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Djokovic combined work and pleasure, doubling his holiday by the sea into an opportunity to simultaneously tone his muscles even as he relaxed his mind in the company of fiancé, Jelena Ristic. Women’s world No.1 Serena did something similar, flying to Mauritius with Patrick Mouratoglou for holiday and off season preparation.

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Canadian star Milos Raonic, who became the first Canadian to break through into the top ten,  also intensified his preparations aiming to consolidate his good start and forge further up the rankings this year. Raonic, along with Del Potro, Jo-Wilfried Tsonga, Stanislas Wawrinka, Grigor Dimitrov, Bernard Tomic (if he can walk a straight line) and Jerzy Janowicz are an eclectic collection of players likely to threaten the hegemony of the troika at the top.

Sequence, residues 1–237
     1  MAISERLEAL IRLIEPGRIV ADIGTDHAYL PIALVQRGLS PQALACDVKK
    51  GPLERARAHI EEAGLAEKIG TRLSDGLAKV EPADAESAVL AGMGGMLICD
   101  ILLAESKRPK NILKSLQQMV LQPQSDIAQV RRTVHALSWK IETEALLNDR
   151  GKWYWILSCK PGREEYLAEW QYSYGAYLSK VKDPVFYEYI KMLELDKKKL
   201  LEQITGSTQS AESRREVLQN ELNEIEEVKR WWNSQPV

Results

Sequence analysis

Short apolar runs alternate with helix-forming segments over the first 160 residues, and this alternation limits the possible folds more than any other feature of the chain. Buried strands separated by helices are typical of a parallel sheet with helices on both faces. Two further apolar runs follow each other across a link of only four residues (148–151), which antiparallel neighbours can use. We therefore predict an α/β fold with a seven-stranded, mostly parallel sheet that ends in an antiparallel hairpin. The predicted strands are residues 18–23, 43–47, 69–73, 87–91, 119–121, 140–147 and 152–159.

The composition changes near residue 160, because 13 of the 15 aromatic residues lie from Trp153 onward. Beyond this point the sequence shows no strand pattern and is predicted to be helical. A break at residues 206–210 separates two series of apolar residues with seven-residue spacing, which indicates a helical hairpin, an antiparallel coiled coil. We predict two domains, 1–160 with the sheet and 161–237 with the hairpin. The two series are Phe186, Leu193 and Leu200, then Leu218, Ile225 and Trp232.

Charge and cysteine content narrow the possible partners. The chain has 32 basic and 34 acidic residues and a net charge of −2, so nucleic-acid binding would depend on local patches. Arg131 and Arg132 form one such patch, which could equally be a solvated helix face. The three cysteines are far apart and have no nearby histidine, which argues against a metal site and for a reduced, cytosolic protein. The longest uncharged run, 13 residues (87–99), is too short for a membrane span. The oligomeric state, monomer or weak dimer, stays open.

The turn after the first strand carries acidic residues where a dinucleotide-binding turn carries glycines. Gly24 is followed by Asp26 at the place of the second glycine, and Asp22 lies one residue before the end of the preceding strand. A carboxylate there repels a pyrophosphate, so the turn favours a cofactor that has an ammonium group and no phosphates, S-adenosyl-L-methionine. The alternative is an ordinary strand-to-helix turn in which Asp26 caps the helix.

The fans are aching for a breakthrough just as much as the players in the neighbourhood of this elite generation that has dominated tennis with ruthless consistency. And the journey to usurp power has begun one more time. It promises to be fascinating and just for effect, the men at the top are in no hurry to relent. Another season of great tennis beckons us, so find a comfortable perch to enjoy the action.

Published 08 Jan 2014, 09:57 IST